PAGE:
Trump bans Huawei in U.S. markets, saying Chinese firm poses security threat
President Trump issued an executive order Wednesday giving his administration sweeping powers to block Chinese telecom giant Huawei Technologies Co. and other foreign communications firms from doing business in the United States — a long-anticipated move he had postponed while Washington and Beijing were in intense trade negotiations.
The White House said the president was taking the action to “protect America from foreign adversaries who are actively and increasingly creating and exploiting vulnerabilities in information and communications technology infrastructure and services in the United States.”
Trump’s directive does not name any company from China or any other country, and senior administration officials, in a hastily arranged press call, would not talk about Huawei or any specific firm.
But the order was widely understood as one that targets Huawei, the world’s largest telecommunications equipment manufacturer, which has been in the crosshairs of America’s security and intelligence agencies.
Sen. Marco Rubio (R-Fla.), for example, singled out Huawei in a statement praising Trump’s order, calling the firm “a state-directed instrument of national power used by the Chinese government and Communist Party to destroy their international competitors, undermine U.S. companies, spy on foreign countries, and steal intellectual property and trade secrets.”
For months, U.S. officials have waged an aggressive campaign to restrain Huawei’s global expansion as a leading supplier of the next-generation 5G wireless networks. They have argued that using Huawei equipment poses risks of Chinese espionage or sabotage.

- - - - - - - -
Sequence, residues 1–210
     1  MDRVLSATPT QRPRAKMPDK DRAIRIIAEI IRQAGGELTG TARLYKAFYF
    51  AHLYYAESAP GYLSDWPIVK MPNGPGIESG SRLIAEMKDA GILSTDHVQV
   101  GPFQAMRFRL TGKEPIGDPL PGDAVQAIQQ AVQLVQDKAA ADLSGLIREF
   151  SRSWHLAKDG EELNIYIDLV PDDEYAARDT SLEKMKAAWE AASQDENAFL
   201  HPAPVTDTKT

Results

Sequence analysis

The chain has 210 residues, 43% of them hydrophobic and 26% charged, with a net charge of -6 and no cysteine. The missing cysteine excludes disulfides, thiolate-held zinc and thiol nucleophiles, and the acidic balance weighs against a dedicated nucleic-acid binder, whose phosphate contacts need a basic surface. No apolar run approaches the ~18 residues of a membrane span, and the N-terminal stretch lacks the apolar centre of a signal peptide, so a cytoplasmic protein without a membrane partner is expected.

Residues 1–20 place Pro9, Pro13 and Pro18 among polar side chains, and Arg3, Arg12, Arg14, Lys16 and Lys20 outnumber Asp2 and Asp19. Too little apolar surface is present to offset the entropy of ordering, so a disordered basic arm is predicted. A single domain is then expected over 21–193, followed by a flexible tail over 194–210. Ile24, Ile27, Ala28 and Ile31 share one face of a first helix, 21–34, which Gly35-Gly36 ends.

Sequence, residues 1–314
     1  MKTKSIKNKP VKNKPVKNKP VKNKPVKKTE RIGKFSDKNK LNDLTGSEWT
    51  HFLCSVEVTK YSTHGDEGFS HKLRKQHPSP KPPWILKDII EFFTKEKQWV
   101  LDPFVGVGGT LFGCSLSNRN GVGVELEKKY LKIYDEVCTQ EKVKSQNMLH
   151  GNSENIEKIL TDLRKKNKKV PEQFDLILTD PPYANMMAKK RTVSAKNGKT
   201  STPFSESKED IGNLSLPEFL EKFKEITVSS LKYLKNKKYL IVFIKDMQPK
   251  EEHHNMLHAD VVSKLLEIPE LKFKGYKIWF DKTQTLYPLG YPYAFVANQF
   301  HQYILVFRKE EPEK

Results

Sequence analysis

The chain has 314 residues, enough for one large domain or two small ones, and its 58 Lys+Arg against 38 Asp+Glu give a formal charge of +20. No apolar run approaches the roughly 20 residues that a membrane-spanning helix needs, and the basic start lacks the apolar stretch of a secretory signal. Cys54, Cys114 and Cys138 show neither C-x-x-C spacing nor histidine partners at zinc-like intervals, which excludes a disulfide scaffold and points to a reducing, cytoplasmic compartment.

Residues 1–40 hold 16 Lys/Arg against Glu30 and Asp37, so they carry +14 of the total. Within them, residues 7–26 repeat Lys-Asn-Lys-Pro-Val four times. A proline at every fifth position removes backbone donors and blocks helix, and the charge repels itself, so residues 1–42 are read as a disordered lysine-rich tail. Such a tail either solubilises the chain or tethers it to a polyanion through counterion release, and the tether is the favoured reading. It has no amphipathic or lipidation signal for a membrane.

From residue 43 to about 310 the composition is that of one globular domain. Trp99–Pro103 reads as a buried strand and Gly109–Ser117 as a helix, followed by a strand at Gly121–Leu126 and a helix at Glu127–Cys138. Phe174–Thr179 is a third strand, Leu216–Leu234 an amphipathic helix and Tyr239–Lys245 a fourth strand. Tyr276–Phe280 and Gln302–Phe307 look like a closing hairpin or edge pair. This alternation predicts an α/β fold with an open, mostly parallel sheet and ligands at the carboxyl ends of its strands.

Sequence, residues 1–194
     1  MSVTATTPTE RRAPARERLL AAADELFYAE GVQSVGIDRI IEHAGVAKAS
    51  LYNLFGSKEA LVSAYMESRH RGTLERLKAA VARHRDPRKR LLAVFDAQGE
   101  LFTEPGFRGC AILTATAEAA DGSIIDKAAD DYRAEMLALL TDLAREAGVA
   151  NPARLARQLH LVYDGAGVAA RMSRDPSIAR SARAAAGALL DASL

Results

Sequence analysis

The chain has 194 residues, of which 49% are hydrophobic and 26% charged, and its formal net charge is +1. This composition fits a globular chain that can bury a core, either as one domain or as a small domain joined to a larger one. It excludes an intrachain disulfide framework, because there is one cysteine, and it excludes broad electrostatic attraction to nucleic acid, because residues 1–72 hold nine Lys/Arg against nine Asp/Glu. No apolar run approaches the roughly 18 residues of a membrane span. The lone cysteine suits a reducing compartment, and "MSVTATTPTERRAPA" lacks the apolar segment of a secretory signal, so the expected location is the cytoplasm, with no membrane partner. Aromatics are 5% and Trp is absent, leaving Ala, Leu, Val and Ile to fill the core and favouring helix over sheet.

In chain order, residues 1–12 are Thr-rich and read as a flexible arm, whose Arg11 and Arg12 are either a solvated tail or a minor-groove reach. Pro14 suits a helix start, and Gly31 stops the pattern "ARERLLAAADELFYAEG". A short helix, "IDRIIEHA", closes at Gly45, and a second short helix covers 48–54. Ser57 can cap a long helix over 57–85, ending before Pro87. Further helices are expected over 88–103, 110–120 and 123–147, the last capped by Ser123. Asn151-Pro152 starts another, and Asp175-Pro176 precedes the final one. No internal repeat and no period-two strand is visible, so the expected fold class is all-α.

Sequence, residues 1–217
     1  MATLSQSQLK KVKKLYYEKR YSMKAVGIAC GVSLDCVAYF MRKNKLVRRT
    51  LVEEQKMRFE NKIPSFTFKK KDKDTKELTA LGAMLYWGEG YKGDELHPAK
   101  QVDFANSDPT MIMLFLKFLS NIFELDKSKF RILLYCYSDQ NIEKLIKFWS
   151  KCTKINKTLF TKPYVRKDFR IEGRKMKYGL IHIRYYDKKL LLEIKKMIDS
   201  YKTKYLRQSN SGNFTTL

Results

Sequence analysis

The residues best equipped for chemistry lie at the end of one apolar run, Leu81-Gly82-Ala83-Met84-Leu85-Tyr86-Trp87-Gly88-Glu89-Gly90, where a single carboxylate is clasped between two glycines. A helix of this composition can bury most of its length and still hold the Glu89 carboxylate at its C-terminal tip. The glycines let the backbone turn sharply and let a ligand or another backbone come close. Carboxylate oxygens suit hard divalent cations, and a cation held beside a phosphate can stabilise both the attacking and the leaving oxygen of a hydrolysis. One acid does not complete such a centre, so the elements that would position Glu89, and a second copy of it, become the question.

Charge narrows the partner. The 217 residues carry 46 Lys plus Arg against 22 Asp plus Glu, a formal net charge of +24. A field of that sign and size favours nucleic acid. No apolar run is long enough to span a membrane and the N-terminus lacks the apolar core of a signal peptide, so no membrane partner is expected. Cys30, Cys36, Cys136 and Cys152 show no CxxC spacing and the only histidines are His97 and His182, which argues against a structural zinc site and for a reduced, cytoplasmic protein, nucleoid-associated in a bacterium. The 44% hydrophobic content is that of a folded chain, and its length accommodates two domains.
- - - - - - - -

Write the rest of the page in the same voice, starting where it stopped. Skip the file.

With the trade talks at an impasse since Friday, Trump signed an order that was prepared months ago. Although officials would not attribute the timing to any specific factor, its release came amid an intensifying standoff between Washington and Beijing and immediately added a new level of friction. Already, the two have engaged in escalating rounds of tit-for-tat tariffs that could damage the world’s two largest economies.
Declaring the problem of foreign adversaries seeking to exploit technological risks to be a national emergency, Trump’s order formalizes what was a de facto ban on Huawei in U.S. markets in recent years as the Pentagon and Congress made moves to discourage its growth.
Few Americans own Huawei cellphones and only a small number of local U.S. telecom service providers in rural areas have Huawei gear in their systems. Even so, many in the U.S. intelligence community sought an official ban from the White House, saying it would make the dangers clear and help the administration’s efforts — so far only partly successful — to persuade key allies to shun Huawei.
Washington has become increasingly worried about Beijing’s cyber intrusions and hacking of U.S. companies for sensitive information and technology and trade secrets. On Tuesday, during a Senate panel hearing on 5G and national security threats, lawmakers singled out Huawei in discussing the issue.
Sen. Lindsey Graham (R-S.C.), chairman of the Senate Judiciary Committee, said, “Now we’ve got a developing technology called 5G that if China dominates this market, we may not be able to do normal business or function normally, and we are sitting around looking at each other.”
The U.S. concerns about cyber theft were on the agenda during the trade talks with China, although U.S. negotiators reportedly dropped the issue recently.
The two sides broke off negotiations on Friday after the White House accused China of backing away from previous agreements, and Trump sharply escalated tariffs on Chinese goods. Chinese President Xi Jinping responded with counter-tariffs on Monday.